Leonard Ardsley - Phil Braithwaite
Charlotte Ardsley - Sharon Trotter
Charles Prentice - Ian Powell
Sydney Ardsley - Dominic Webb
Eva Ardsley - Claire Brine
Ethel Bartlett - Anastasia Oh
Lois Ardsley - Ashleigh Cole
Howard Bartlett - Matthew Pert
Collie Stratton - Ashley Horne
Wilfred Cedar - William Barklam
Gwen Cedar - Lynnette Alston
Gertrude - Jeannette Tucker

Production Team

Director - Gill Taylor
Assistant Director - Oliver Clement
Producer - Jackie Withnall
Stage Manager - Emily Carmichael
Assistant Stage Manager - Lynne Mackie
Lighting - Kimber Wright
Sound - Stephen Wess
Costumes - Victoria Bettelheim
Hair / Makeup - Lucy Moss, Beth Coldridge
Front of House Managers - Julie Rickwood, Jackie Withnall


As part of the ongoing commemoration of the centenary of the First World War, we present this powerful work from 1932, which explores the way in which, over ten years later, the Great War continues to blight the lives of those who lived through it.

The Ardsleys live an apparently comfortable existence in a quiet English town. Head of the household Leonard sees no reason to question the old certainties, but his children and their circle are still paying the price of war. Son Sydney served heroically but lost his sight and is now an embittered invalid with little to do but torment his emotionally fragile sister Eva, whose fiancé was killed in the conflict. Another sister, Ethel, is trapped in an ill-advised war-time marriage to a struggling tenant farmer. Youngest sister Lois leads an aimless existence as one of the "surplus" women caused by the huge loss of life amongst the men of her generation. And family friend Collie has been discharged from the Navy but is proving hopelessly incompetent in civilian life. Only brash nouveau riche summer visitors Wilfred and Gwen Cedar seem immune. Over the course of a few days in late summer tragic events unfold that shatter the fragile calm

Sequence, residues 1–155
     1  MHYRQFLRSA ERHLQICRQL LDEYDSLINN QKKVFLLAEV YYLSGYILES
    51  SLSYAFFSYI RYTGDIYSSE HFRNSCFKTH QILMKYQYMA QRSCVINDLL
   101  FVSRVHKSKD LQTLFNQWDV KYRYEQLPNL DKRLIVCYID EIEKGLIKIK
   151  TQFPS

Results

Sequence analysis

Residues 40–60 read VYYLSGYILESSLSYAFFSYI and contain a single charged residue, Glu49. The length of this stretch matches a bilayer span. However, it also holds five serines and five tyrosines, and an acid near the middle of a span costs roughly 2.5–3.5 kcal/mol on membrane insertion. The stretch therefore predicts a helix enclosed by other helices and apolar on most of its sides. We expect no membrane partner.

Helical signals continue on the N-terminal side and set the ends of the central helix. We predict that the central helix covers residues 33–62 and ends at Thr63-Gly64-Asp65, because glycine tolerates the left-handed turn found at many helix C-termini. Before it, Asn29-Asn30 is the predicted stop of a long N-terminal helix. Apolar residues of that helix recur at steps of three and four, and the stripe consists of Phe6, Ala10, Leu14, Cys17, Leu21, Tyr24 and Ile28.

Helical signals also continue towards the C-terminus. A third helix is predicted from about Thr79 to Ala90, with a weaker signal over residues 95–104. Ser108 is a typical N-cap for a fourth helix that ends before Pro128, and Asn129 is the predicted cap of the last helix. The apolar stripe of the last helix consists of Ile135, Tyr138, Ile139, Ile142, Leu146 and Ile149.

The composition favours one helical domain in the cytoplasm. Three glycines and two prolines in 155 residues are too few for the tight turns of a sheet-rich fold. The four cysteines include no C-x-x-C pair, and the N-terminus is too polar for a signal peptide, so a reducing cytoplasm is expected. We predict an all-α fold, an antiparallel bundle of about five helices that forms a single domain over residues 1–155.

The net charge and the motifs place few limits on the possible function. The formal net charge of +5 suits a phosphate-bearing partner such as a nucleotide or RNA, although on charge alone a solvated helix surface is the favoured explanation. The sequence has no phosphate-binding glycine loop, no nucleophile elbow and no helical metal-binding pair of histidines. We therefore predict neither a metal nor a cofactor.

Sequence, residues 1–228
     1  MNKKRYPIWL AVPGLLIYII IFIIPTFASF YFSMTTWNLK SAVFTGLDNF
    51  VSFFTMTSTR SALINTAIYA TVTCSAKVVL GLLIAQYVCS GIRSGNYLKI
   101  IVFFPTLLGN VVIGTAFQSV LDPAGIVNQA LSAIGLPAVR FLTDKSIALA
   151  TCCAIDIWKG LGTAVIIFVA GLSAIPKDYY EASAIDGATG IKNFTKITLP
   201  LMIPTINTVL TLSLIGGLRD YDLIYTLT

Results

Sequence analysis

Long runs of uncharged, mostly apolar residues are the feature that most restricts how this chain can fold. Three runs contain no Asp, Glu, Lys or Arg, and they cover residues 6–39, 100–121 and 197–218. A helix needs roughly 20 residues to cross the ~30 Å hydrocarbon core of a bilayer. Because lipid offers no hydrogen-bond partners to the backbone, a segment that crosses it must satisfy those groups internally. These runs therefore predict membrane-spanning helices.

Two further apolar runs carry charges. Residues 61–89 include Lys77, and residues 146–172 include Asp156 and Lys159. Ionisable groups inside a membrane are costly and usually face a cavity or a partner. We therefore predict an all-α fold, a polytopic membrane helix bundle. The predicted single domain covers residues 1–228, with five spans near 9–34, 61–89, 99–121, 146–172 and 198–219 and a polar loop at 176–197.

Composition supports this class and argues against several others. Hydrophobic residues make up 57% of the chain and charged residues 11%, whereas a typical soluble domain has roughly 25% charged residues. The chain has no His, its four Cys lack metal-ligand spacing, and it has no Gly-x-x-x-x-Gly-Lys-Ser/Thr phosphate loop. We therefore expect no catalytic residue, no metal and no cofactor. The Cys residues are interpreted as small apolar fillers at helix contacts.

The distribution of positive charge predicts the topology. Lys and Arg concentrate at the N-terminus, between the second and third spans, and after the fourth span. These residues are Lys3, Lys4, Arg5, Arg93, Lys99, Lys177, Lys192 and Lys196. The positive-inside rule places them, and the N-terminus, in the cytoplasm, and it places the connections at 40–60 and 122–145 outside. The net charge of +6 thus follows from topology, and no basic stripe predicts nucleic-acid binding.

W Somerset Maugham (1874-1965) is best known for his short stories and novels, but he was also a prolific playwright. In "For Services Rendered" he takes the conventions of the drawing room comedy and twists them to produce a savage critique of a country that has failed to deliver its promise of a land fit for heroes. When first performed in 1932 its "anti-war" message proved unpopular, but revivals since the 1990s have demonstrated the play's prescience and relevance.